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    Botanical Illustration Live: Hawthorn

    I recently did botanical illustration live for an audience at the Metripole Hotel in Llandrindod.  The event was the annual Barnes lecture,  It’s organised as a fundraiser for Radnorshire Wildlife Trust (RWT), and is open to members and non-members.

    The success of “The Hedgerow Handbook” and “The Garden Forager” means Adele Nozedar (the author) and I (the illustrator) have been invited to do several of these events.   They’re always great fun, and we were honoured and delighted to be able to present 2016’s Barnes Lecture.

    Although initially scary, demonstrating is always a good idea.

    Hedgerow handbook Garden Forager by Adele Nozedar illustrated by Lizzie Harper

    I arrived, and with the help of my other half (the cabinet maker Andy Dix) we set up a stall.  We were selling greetings cards, original watercolours, and copies of the book. I also had my sketchbooks and portfolio for people to flick through.

    Stall of books, original paintings and greetings cards, manned by Andy

    Getting hawthorn specimen to draw

    Earlier in the day I went out into the fields and hedgerows to see what was not only growing, but looking good.  It was a no-brainer to settle on Hawthorn Craetegus montana.   This year the berries are a glorious dark crimson, and are ridiculously prolific.


    Hawthorn in its autumn glory in a field in Hay-on-Wye

    Drawing Hawthorn live

    I chose a few sprigs, and then settled down.  Perched on the edge of the stage, I was ready to do a sketchbook style illustration of this plant.

    Sketchbook study of Hawthorn

    Working with a visualiser

    I was asked to draw live into a “visualiser”.  This projects my drawings, in real time, onto a screen behind me.  Adele talked about some of the plants featured in the books.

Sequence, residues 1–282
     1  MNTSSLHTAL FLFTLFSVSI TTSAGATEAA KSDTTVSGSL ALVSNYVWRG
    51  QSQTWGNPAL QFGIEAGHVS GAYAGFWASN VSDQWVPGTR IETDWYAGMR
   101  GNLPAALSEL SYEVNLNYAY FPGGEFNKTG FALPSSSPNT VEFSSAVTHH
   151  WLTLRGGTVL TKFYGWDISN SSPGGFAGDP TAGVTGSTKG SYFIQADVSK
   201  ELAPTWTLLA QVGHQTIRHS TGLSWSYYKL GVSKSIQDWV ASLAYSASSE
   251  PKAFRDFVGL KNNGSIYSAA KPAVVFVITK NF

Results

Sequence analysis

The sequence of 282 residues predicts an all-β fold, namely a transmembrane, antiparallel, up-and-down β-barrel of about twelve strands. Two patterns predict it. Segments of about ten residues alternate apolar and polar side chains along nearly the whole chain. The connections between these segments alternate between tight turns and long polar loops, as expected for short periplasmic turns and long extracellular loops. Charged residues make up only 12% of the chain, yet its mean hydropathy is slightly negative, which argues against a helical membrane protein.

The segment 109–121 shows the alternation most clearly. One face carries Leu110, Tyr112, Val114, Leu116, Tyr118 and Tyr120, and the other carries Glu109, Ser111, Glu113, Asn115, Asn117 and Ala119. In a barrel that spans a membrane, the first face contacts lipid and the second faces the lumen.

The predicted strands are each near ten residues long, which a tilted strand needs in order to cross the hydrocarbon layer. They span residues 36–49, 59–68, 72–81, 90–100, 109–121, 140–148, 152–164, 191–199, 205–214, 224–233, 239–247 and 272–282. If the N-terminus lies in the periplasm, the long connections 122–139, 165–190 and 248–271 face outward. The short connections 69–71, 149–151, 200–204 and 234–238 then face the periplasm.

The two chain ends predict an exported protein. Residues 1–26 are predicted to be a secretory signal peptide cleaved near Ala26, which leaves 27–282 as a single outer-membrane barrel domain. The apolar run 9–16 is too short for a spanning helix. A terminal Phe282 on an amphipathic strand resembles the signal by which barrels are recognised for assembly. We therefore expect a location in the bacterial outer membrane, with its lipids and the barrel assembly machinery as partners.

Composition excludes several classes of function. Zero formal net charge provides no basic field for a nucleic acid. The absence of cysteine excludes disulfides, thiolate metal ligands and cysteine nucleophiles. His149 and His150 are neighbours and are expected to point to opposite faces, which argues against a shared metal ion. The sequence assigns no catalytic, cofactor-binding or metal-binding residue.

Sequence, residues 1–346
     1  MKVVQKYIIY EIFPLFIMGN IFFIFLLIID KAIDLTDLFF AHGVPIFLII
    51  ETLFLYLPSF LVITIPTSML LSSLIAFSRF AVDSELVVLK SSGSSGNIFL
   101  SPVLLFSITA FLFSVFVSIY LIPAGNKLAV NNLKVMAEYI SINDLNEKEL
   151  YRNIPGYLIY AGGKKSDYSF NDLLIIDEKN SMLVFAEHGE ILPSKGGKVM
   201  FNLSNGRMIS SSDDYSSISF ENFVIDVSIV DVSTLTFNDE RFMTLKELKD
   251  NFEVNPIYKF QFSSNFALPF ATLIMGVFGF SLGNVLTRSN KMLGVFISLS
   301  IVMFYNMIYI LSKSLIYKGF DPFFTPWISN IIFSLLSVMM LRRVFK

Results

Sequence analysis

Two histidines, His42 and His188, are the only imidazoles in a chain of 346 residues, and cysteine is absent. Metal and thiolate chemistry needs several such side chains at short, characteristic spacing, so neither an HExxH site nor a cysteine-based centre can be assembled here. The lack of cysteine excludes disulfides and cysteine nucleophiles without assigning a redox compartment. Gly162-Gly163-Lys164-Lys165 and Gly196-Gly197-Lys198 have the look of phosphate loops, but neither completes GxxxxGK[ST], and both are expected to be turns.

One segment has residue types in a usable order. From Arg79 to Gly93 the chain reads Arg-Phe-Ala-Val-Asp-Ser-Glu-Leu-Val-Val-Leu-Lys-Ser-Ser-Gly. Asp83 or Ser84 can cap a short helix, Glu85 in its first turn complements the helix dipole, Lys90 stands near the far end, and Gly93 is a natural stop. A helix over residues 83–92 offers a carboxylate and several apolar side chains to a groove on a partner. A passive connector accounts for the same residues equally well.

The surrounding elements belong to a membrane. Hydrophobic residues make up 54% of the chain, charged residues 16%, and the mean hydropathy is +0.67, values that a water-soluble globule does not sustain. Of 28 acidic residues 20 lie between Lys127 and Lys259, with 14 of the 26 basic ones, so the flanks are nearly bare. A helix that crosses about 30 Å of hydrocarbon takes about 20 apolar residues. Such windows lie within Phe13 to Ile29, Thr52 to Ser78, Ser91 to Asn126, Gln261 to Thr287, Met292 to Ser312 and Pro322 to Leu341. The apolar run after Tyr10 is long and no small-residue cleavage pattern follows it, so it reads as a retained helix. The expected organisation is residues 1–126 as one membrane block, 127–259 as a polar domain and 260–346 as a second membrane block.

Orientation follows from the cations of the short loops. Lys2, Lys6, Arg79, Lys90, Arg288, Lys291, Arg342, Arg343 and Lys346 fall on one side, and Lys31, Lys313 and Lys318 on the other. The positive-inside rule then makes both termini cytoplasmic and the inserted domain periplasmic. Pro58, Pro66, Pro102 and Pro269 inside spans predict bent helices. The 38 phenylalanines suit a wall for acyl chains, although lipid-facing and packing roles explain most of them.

Visualiser, drawing and painting equipment, and plants ready to go.

    Drawing and performing

    Adele was brilliant. Regaling the audience with tales of foraging and folklore and suggesting all sorts of exciting alcoholic infusions.  She referenced memories of traditional names, and uses of plants we often overlook as weeds. We even joined her in trying to summon a hummingbird god.  (With, if I remember rightly, Love-lies-bleeding or Amaranth).

    I love listening to her as I draw.  Despite being on a stage, and in effect “performing”;  it feels very much like I’m in my studio at home, listening to the radio and happily illustrating.


    Drawing hawthorn live

    I had minor troubles because although there was a light shining directly onto the paper, it didn’t illuminate the hawthorn smoothly.  So when I got to putting paint on the drawing it was a challenge to record the tones correctly.


    Lizzie Harper illustrating and Adele Nozedar talking at the RWT Barnes lecture

    In theory, my finished sketch would have looked a little like the study from my sketchbook.  However time was tight, so I got less detail down than I might have liked.

    Over the years I have also completed finished botanical illustrations of hawthorn for clients.


    Hawthorn Craetegus montana

    After a break where I got to chat to some of the folks that had come along, we sold a few copies of the book and some greetings cards; then it was back to work.  I did a sketchbook study of a geranium (again, not as fully worked as the study below) as Adele talked about lilac, nettles and ground elder, and took lots of questions.

    Botanical sketchbook illustration of geranium (from “The Garden Forager”)

    It was a really good evening; the audience were friendly and engaged, and RWT sold about 70 tickets, which means the fundraising event was a success.  For me, it’s always a treat to be on stage with Adele; she’s the perfect mix of wise, charming, and funny.  Guaranteed to relax me as I draw live in front of an audience.

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    Lizzie Harper